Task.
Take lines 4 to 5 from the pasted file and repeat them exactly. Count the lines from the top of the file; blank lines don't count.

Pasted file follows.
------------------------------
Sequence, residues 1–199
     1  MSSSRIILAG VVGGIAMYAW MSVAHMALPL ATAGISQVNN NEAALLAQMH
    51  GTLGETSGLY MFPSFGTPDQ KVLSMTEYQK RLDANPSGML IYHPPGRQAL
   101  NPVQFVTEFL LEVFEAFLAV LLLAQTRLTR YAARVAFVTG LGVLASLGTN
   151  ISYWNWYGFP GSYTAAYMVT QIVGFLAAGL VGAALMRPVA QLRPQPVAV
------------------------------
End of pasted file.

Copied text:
   101  NPVQFVTEFL LEVFEAFLAV LLLAQTRLTR YAARVAFVTG LGVLASLGTN
   151  ISYWNWYGFP GSYTAAYMVT QIVGFLAAGL VGAALMRPVA QLRPQPVAV